Polyurethane floor-finishing products contain chemical compounds that can cause short- or long-term adverse health effects. Some of these compounds are problematic when they come into contact with the skin, and some are harmful when they're inhaled.
Potentially Harmful Compounds
One category of these compounds is referred to as volatile organic compounds, or VOCs, and they evaporate into the air when the finishing product is wet and as it cures. Some VOCs commonly found in polyurethane finishes include xylene, ethylbenzene and acetates.
Polyurethane finishes also include chemicals called diisocyanates, which also become airborne during the application of the finishes and are known to cause health problems.
The VOCs and other potentially dangerous chemicals in polyurethane products can have a negative health impact in both the near term and the long term. Direct contact with the chemicals can cause skin irritation, and exposure to the vapors during installation and before the finish cures may cause eye, throat and nose irritation, breathing difficulties, headaches, nausea, asthma attacks or dizziness.
Prolonged exposure to these chemicals, as in those who work with the finishes regularly, may cause chronic lung conditions, birth defects, allergies, cancer or other serious problems.
Water-Based and Oil-Based Finishes
Water-based polyurethane finishes may contain fewer VOCs than oil-based finishes, in which the VOCs are used as solvents. Most water-based finishes still contain some level of VOCs, however, and all polyurethane products contain diisocyanates.
Vapors and Curing
Once the polyurethane finish has dried and cured, it is generally considered to be safe, but during the drying and curing process, the finish releases potentially harmful chemicals into the air via evaporation, a process called off-gassing. Depending on the product applied, the temperature and humidity conditions in which it was applied, and the ventilation of the room where it was applied, off-gassing of polyurethane finishes can continue for a period of time ranging from days to months.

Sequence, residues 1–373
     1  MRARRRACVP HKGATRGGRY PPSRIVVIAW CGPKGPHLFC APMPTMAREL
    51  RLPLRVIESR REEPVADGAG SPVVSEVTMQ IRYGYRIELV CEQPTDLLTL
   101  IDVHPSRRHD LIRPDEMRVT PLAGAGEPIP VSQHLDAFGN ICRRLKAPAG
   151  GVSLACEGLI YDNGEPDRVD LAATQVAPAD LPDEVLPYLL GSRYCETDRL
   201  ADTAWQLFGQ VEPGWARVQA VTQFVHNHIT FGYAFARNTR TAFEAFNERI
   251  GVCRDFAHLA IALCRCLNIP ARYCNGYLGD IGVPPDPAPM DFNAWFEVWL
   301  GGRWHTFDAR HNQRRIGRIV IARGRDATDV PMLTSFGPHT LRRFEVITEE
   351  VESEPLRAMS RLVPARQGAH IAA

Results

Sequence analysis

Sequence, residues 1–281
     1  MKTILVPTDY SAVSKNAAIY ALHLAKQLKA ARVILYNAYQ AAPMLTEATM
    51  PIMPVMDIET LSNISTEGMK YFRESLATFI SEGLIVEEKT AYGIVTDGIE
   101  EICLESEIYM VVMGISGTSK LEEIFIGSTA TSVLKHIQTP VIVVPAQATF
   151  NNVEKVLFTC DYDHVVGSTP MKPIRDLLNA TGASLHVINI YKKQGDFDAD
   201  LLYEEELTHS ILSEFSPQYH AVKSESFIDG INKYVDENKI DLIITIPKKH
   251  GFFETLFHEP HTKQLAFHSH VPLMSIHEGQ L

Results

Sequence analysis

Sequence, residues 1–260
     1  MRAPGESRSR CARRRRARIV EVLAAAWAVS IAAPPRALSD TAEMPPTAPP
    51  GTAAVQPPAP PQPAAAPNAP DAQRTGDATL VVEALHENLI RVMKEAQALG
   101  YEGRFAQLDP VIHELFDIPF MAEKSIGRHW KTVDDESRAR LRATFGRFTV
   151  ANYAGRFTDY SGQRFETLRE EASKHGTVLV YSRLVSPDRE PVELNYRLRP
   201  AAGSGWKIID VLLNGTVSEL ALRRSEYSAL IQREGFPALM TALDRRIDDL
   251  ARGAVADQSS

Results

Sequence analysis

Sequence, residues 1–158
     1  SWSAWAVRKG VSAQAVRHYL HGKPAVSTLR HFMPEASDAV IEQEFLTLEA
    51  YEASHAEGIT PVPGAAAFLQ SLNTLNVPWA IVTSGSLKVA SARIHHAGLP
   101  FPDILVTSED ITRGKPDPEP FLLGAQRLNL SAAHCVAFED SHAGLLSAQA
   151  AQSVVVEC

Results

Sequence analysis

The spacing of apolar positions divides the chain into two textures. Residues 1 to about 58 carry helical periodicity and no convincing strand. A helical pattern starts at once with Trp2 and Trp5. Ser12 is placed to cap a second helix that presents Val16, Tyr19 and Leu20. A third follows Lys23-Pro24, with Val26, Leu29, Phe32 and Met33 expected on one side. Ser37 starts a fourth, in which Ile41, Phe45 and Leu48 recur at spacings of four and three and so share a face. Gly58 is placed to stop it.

To minimize the dangers of polyurethane vapors, always apply the finishes in a well-ventilated space, wear a face mask and eye protection and don't smoke. If your floor is being finished by a professional and it's possible for you to leave the home, it's best to stay away long enough for the finish to cure and the odor to disperse, which usually takes about 48 hours.
To speed up the drying and curing process and reduce the off-gassing period, ensure that the room remains well-ventilated. Opening windows can speed up the process, but it can also admit dust that may contaminate the floor's finish. Instead, try increasing air flow by setting up fans to blow across the floor, and turn up the heat in the room to accelerate drying.
Evan Gillespie grew up working in his family's hardware and home-improvement business and is an experienced gardener. He has been writing on home, garden and design topics since 1996. His work has appeared in the South Bend Tribune, the Fort Wayne Journal-Gazette, Arts Everywhere magazine and many other publications.